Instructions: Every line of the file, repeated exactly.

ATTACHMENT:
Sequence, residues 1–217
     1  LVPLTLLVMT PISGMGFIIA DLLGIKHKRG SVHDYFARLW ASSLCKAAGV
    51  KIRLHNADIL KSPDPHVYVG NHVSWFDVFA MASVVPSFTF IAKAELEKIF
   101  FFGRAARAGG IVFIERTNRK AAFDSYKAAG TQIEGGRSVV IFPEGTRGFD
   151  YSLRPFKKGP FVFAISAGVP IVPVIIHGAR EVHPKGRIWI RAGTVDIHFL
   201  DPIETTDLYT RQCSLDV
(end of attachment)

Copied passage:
Sequence, residues 1–217
     1  LVPLTLLVMT PISGMGFIIA DLLGIKHKRG SVHDYFARLW ASSLCKAAGV
    51  KIRLHNADIL KSPDPHVYVG NHVSWFDVFA MASVVPSFTF IAKAELEKIF
   101  FFGRAARAGG IVFIERTNRK AAFDSYKAAG TQIEGGRSVV IFPEGTRGFD
   151  YSLRPFKKGP FVFAISAGVP IVPVIIHGAR EVHPKGRIWI RAGTVDIHFL
   201  DPIETTDLYT RQCSLDV